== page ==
rpart.plot
Plot an
Plot an rpart
model, automatically tailoring the plot
for the model's response type. For an overview, please see the package vignette
../doc/prp.pdf. This function is a simplified frontend to prp
,
with only the most useful arguments of that function, and
with different defaults for some of the arguments. The different defaults for the extra
and col.palette
arguments mean that this function automatically creates a colored plot
suitable for the type of model (whereas prp
by default
creates a minimal plot). In detail the different defaults are:
  rpart.plot 
  prp 
  
type 
  2 
  0 
 
extra 
  "auto" 
  0 
 
fallen.leaves 
  TRUE 
  FALSE 
 
varlen 
  0 
  8 
 
faclen 
  0 
  3 
 
box.palette 
  "auto" 
  0 
 
rpart.plot.version1
is compatible with
old versions of this function and has the same defaults as prp
.
 Keywords
 partitioning, tree, CART, rpart, recursive
Usage
rpart.plot(x=stop("no 'x' arg"),
type=2, extra="auto",
under=FALSE, fallen.leaves=TRUE,
digits=2, varlen=0, faclen=0,
cex=NULL, tweak=1,
snip=FALSE,
box.palette="auto", shadow.col=0,
...)
Arguments
 x

An
rpart
object. The only required argument.  type

Type of plot. Possible values:
0 Draw a split label at each split and a node label at each leaf.
1 Label all nodes, not just leaves. Similar to
text.rpart
'sall=TRUE
.2 Default. Like
1
but draw the split labels below the node labels. Similar to the plots in the CART book.3 Draw separate split labels for the left and right directions.
4 Like
3
but label all nodes, not just leaves. Similar totext.rpart
'sfancy=TRUE
. See alsoclip.right.labs
.  extra

Display extra information at the nodes. Possible values:
"auto" (case insensitive) Default. Automatically select a value based on the model type, as follows:
extra=106
class model with a binary responseextra=104
class model with a response having more than two levelsextra=100
other models0 No extra information.
1 Display the number of observations that fall in the node (per class for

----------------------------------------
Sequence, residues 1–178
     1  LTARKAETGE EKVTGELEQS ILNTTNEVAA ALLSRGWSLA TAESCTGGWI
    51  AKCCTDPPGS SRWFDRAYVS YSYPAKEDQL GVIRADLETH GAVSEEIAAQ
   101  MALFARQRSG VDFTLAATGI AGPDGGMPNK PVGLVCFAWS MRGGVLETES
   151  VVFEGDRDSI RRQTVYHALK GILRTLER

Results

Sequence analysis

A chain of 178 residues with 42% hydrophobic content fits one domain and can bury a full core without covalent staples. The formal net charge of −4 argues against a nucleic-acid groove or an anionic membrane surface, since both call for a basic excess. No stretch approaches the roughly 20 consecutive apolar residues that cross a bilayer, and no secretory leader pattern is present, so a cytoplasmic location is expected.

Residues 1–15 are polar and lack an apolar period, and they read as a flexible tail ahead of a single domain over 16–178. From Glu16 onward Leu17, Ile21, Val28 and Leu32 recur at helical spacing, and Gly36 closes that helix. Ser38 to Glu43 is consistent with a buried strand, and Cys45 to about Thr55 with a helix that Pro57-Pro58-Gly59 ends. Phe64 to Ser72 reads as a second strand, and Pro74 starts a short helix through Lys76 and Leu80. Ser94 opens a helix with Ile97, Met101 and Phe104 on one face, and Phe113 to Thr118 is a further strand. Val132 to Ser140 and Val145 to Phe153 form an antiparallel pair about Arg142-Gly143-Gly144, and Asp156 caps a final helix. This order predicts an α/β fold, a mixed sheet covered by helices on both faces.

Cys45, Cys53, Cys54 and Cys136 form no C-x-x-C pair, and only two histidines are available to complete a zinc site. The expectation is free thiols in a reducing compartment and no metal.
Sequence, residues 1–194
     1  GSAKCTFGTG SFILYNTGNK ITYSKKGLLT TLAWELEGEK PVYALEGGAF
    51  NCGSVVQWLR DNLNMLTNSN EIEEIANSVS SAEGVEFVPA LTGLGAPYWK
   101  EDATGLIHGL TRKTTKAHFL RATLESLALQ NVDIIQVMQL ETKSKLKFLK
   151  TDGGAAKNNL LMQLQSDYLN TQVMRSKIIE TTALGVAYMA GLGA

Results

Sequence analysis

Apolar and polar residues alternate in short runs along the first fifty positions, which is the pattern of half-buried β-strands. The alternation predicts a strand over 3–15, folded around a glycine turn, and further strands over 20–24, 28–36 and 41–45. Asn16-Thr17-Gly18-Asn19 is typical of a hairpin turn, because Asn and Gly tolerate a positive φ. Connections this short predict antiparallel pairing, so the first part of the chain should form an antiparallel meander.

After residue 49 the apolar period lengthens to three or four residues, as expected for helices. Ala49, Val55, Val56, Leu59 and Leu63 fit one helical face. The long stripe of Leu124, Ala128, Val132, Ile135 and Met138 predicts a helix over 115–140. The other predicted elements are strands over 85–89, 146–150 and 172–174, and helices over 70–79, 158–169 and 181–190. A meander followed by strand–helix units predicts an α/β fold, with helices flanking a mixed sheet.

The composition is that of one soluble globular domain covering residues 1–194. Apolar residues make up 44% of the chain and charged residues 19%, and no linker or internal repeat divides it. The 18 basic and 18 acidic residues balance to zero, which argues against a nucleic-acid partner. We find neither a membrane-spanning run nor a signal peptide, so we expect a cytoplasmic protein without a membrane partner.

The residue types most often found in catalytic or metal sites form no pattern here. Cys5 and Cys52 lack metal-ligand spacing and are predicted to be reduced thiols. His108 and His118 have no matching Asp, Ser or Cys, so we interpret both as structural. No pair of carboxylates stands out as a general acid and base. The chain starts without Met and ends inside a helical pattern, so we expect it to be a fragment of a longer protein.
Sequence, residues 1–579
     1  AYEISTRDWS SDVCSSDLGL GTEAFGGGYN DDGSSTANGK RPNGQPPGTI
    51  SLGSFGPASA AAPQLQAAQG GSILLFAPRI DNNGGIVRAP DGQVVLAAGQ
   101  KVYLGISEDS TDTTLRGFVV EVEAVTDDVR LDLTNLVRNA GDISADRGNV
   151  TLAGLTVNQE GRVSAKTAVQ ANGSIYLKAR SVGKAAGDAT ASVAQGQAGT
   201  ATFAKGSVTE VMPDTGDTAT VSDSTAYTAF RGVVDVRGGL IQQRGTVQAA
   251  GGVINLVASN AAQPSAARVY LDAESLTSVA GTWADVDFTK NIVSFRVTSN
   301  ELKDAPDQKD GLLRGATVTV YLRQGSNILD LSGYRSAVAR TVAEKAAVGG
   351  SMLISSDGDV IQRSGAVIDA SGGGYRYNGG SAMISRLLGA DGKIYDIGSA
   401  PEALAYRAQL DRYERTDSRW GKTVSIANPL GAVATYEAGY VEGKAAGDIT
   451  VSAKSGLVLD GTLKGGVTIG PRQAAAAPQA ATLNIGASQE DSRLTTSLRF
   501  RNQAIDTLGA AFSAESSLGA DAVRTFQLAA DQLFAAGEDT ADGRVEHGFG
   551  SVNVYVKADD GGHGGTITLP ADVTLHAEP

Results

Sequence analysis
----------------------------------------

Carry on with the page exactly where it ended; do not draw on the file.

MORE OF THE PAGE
class
objects; prefixed by the number of events forpoisson
andexp
models). Similar totext.rpart
'suse.n=TRUE
.2 Class models: display the classification rate at the node, expressed as the number of correct classifications and the number of observations in the node. Poisson and exp models: display the number of events.
3 Class models: misclassification rate at the node, expressed as the number of incorrect classifications and the number of observations in the node.
4 Class models: probability per class of observations in the node (conditioned on the node, sum across a node is 1).
5 Class models: like
4
but do not display the fitted class.6 Class models: the probability of the second class only. Useful for binary responses.
7 Class models: like
6
but do not display the fitted class.8 Class models: the probability of the fitted class.
9 Class models: the probabilities times the fraction of observations in the node (the probability relative to all observations, sum across all leaves is 1).
+100 Add
100
to any of the above to also display the percentage of observations in the node. For exampleextra=101
displays the number and percentage of observations in the node. Actually, it's a weighted percentage using theweights
passed torpart
.Note 1: Unlike
text.rpart
, by defaultprp
uses its own routine for generating node labels (not the function attached to the object). See thenode.fun
argument ofprp
. Note 2: Theextra
argument has special meaning formvpart
objects. See the Appendix to this package's vignette.  under

Applies only if
extra > 0
. DefaultFALSE
, meaning put the extra text in the box. UseTRUE
to put the text under the box.  fallen.leaves

Default
TRUE
to position the leaf nodes at the bottom of the graph. It can be helpful to useFALSE
if the graph is too crowded and the text size is too small.  digits